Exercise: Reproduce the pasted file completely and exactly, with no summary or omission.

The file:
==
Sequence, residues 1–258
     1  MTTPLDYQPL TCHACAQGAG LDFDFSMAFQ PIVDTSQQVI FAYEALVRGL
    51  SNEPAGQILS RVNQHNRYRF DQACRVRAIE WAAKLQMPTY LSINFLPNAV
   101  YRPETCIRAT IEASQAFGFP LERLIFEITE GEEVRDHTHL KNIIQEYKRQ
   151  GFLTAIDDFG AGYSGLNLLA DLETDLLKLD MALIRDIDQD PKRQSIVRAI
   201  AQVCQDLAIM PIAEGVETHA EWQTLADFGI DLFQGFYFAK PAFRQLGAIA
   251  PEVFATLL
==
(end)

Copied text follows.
Sequence, residues 1–258
     1  MTTPLDYQPL TCHACAQGAG LDFDFSMAFQ PIVDTSQQVI FAYEALVRGL
    51  SNEPAGQILS RVNQHNRYRF DQACRVRAIE WAAKLQMPTY LSINFLPNAV
   101  YRPETCIRAT IEASQAFGFP LERLIFEITE GEEVRDHTHL KNIIQEYKRQ
   151  GFLTAIDDFG AGYSGLNLLA DLETDLLKLD MALIRDIDQD PKRQSIVRAI
   201  AQVCQDLAIM PIAEGVETHA EWQTLADFGI DLFQGFYFAK PAFRQLGAIA
   251  PEVFATLL